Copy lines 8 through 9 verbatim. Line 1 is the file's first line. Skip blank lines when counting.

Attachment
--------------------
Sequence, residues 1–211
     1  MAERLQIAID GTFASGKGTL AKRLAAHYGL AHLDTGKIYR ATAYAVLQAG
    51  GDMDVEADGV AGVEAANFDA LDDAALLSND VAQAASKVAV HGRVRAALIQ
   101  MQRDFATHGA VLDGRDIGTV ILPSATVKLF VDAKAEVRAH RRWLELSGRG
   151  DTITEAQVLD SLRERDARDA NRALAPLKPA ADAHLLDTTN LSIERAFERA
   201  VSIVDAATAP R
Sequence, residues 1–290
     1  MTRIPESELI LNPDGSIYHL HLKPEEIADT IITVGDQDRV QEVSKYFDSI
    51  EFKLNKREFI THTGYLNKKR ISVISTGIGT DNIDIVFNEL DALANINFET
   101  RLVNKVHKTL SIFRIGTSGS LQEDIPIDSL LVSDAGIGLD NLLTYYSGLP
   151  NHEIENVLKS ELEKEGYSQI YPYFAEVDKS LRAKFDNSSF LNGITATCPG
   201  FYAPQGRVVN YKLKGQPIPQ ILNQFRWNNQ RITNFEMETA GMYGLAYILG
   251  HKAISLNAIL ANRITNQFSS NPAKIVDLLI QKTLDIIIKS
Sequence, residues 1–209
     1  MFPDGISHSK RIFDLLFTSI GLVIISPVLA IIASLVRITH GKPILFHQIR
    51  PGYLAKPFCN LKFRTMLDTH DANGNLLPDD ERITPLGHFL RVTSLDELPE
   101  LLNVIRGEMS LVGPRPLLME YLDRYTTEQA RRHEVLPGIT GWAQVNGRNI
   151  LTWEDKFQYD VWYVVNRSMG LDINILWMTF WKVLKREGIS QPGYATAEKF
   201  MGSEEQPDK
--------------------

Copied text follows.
     1  MTRIPESELI LNPDGSIYHL HLKPEEIADT IITVGDQDRV QEVSKYFDSI
    51  EFKLNKREFI THTGYLNKKR ISVISTGIGT DNIDIVFNEL DALANINFET